'Tens of Thousands' Immigration Pledge, still not met since 2010.

May 9, 2017

Theresa May confirmed that once again, one of the Conservative Manifesto pledges will be to cut net migration to 'the tens of thousands'. This target has been missed, not once, but twice since Theresa May made the promise in 2010 and 2015. 

Photograph: Stefan Rousseau/AFP/Getty Images

But will we see any change?

 

It is difficult to say what change Brexit will have on Immigration, but we can be sure on thing - it is all going to change. The UK will have full authority on it's boarders, so with new rules and restrictions to people coming to the UK, you would suspect to see a decrease in net migration. 

 

It still is not clear as to what scale the UK's Immigration system will change, as from now until the UK is scheduled to leave on Friday, 29 March 2019, the Home Office and UK Government is still working under the current system. 

 

The current system is overworked, and many Applications for Visas (not including Visitor Visas), Appeals and Tribunals are taking much longer than expected. In some cases, the Home Office give a 6 month time period, in which they say you should get a result on your case. From personal experience, we have seen this go well over 8 months, and longer.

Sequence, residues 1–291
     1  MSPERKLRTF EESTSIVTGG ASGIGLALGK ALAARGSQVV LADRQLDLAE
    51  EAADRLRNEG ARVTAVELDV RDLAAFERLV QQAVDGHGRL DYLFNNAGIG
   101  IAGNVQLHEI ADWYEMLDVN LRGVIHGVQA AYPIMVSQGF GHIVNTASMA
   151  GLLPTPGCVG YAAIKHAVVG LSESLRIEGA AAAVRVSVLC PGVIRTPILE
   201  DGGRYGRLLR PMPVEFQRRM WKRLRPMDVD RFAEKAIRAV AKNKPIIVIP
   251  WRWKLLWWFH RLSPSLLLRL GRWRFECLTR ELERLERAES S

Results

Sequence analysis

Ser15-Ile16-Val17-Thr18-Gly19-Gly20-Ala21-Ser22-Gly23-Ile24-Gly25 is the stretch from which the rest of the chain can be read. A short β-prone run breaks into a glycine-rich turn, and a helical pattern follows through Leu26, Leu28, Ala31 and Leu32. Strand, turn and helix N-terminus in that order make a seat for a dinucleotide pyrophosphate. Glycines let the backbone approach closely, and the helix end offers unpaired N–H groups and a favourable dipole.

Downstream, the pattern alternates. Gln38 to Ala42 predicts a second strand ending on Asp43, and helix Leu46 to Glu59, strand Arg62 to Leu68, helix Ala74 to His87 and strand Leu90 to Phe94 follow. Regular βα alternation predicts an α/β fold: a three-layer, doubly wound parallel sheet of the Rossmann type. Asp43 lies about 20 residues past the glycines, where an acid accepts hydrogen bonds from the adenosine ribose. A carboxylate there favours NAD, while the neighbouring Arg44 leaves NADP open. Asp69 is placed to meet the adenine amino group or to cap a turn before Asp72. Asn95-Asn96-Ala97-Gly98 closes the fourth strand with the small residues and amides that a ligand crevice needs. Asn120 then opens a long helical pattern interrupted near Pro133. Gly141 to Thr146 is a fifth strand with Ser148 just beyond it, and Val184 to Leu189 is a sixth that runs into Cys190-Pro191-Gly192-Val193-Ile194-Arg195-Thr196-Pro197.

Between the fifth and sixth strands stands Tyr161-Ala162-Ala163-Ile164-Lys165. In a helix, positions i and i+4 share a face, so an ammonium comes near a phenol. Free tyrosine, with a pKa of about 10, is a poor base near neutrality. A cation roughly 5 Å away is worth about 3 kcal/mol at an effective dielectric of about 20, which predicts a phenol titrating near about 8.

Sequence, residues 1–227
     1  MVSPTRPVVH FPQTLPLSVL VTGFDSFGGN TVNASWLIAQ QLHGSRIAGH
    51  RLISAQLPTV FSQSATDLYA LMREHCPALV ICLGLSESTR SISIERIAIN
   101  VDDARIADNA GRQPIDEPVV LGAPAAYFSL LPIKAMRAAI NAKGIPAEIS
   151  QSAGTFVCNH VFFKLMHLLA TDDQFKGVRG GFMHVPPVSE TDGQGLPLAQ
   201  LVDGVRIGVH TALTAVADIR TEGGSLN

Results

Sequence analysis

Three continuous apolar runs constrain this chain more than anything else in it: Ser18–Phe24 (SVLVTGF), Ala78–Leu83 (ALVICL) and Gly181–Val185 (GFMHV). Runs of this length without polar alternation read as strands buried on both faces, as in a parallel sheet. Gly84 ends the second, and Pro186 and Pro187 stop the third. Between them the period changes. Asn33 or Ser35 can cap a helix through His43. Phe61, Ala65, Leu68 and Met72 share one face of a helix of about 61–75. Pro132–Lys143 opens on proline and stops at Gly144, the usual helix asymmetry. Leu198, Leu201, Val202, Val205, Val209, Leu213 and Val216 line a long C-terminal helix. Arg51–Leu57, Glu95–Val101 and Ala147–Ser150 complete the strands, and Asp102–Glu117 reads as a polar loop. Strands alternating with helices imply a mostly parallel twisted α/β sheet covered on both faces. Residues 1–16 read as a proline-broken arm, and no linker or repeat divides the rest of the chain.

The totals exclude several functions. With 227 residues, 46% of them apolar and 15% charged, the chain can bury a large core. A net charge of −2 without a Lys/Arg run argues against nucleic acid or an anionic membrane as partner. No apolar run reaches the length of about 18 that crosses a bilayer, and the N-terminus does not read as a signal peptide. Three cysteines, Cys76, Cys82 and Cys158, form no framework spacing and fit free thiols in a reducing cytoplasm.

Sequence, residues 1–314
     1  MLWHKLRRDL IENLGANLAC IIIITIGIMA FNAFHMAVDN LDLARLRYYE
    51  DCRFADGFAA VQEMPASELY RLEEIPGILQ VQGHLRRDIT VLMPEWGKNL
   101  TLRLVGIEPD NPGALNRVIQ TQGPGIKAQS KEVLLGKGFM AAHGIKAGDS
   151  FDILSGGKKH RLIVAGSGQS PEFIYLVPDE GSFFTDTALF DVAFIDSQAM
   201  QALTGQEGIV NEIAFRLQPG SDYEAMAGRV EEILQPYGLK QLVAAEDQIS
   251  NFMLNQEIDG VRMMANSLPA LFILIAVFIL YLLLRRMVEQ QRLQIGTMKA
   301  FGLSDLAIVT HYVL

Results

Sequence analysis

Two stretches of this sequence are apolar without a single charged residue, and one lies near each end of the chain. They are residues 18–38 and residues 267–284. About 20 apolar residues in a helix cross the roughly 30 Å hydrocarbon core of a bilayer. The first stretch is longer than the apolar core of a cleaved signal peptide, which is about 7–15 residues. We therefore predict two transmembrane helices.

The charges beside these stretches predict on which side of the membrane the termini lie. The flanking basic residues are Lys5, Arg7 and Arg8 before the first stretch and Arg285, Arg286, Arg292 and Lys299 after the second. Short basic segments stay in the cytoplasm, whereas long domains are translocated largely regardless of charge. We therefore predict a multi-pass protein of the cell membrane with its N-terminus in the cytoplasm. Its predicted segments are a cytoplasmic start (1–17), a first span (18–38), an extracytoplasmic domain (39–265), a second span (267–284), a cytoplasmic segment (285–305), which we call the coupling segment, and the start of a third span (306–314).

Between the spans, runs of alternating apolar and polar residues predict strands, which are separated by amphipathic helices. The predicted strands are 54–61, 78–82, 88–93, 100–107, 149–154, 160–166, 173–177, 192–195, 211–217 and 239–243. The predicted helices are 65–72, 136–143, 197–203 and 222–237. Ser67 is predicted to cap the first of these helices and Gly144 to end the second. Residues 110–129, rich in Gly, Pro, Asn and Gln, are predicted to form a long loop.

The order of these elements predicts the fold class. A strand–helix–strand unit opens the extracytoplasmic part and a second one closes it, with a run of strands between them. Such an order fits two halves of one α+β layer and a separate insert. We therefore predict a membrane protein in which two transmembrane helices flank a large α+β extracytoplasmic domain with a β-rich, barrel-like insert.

What will change?

 

It is still uncertain what exactly will change, but it is clear that one key aspect is going to change - the cost. Each year the Home Office increases the cost for apply for certain Visas, or other Applications regarding Immigration Status. 

 

The price rises can be drastic, or small. For example, the year of 2016 - 2017 saw a small increase of 2% for Visit, Study and Work Visas. But also saw a huge increase of 25% for Settlement, Residence and Nationality Applications.

 

Will we see an Australian-style Immigration System?

 

According to many, Australia has one of the best Immigration Systems in the world. The system deals with applications on a 'points' basis. The system looks at whether the applicant will make a relevant contribution to the country, this is not the case with every application, but most Visas to Australia rely on what the individual will contribute, and if they have met all the required 'points' to enter the country. 

 

We could see a UK-Australian Style Immigration System, but as it stands, we are going to have to wait and see.

Sources: Gov.uk

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